by Tony Dayoub
Sometimes our intellectual sophistication can get in the way of enjoying an entertaining film on the uncomplicated level of "pure cinema." This conflict is more pronounced when a movie with a tinge of social realism could be tagged as profoundly naive, as is the case of Criterion's Blu-ray release this week, Black Orpheus (Orfeu negro). However, reframe the film as a musical, one driven by the burgeoning sounds of the Bossa nova and samba, and one's perspective on Black Orpheus might shift rather mightily.
Here in the U.S., musicals of the time were in a state of flux. They were evolving from some of the lighter, stagey, Freed-era productions to darker ones like A Star is Born (1954). Black Orpheus predates some of the grittier musical films Americans would make popular later, West Side Story (1961), Cabaret (1972), films which at least addressed race, class, and sexuality in ways Singin' in the Rain (1952) never did (nor could). In France, Black Orpheus' release even precedes the U.S. release of Otto Preminger's Porgy and Bess (also with an all-black cast) by a 12 days.
Essentially Black Orpheus is a travelogue which acknowledges the existence and dominance of African culture in Brazil, a country not unlike America. Except African-Americans were virtually absent from mainstream American film, with the odd exception like Preminger's film never really catching fire. The soundtrack by Tom Jobim and Luiz Bonfá, based on Vinicius de Moraes' play Orfeu da Conceição, is as celebratory of the Carnaval tradition as the subject matter of Eurydice's increasingly dangerous flirtation with Death is dark. It clearly forges the way for Bossa nova to take hold so intensely in American jazz circles at the time, with the likes of Miles Davis, Stan Getz, and Frank Sinatra adapting pieces by (or even collaborating directly with) the Brazilian musical luminaries at the forefront of this musical movement. More importantly, the music serves a purpose contrasting the life-affirming milieu of the favelas with the underworld of deadening bureaucracy Orfeu (Breno Mello) encounters after Carnaval as he searches for Eurydice (Marpessa Dawn).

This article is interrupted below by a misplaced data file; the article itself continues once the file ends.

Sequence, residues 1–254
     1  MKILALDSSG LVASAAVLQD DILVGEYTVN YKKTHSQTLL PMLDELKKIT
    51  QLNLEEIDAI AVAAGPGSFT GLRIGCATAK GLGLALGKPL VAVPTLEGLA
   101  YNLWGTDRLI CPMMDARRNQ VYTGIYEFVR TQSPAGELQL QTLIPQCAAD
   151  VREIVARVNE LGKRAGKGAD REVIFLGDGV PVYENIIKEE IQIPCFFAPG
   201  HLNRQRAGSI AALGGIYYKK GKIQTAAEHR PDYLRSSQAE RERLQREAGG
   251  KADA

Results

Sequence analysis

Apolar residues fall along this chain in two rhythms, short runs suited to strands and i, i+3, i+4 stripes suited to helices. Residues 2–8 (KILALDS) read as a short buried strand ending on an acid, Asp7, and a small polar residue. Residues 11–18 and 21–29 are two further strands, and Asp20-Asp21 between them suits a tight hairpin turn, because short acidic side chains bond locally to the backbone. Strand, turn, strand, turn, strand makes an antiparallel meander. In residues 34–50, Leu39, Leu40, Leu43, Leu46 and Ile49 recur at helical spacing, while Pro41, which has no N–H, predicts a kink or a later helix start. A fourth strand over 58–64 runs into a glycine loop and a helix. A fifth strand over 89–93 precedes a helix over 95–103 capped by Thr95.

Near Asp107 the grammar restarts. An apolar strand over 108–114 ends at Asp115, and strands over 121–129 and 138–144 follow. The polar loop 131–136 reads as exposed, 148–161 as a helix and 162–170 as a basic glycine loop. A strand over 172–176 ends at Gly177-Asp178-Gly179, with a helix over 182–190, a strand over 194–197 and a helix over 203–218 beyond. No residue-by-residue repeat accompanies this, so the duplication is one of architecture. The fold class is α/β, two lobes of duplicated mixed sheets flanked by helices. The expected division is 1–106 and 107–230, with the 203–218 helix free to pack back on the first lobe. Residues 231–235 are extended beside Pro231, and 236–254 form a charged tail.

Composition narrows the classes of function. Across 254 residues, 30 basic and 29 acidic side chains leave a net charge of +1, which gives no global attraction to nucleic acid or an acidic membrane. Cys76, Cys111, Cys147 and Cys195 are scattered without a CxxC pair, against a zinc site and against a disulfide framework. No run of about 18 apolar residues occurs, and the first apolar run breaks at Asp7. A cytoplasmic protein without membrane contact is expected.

It is hard to overstate how influential Black Orpheus' look and feel was on the rather innocuous cinema of the years to come. This may date me, but I distinctly remember echoes of the film's Carnaval numbers in some of the background footage used to enhance the Eastern Airlines-sponsored If You Had Wings ride at Walt Disney World. The acknowledgement is a trifle to be sure, but it is important in noting how far the film's reach was into the mainstream, a feat rarely achieved by foreign films of any kind today. And while the amusement park ride ignored Brazil altogether, it did imbue its scenes of a Bahamian Junkanoo festival with the same brightly lit night photography one finds in Marcel Camus' Black Orpheus (speaking of Junkanoo, a scene depicting such a parade in the 1965 Bond film Thunderball also owes a tip of the hat to Jean Bourgoin's cinematography).
This update of the Greek myth to the favelas in Rio de Janeiro hasn't aged well if one looks at it from a realist's perspective, especially in light of the popularity of a recent Brazilian release, City of God (Cidade de Deus) (2002), a film which more closely captures the anguish of Rio's slum dwellers. This is to say, poor people are not happy people as much as Camus would like you to believe. That this was a Frenchman directing a largely black cast in a film which would go on to win the top prize in 1959's Cannes Film Festival must have felt a bit like a slap in the face to socially conscious Brazilians. A European outsider winning acclaim for his mischaracterization of Afro-Brazilians? But taken as an offbeat musical with a nod to social realism, Black Orpheus becomes quite a different proposition.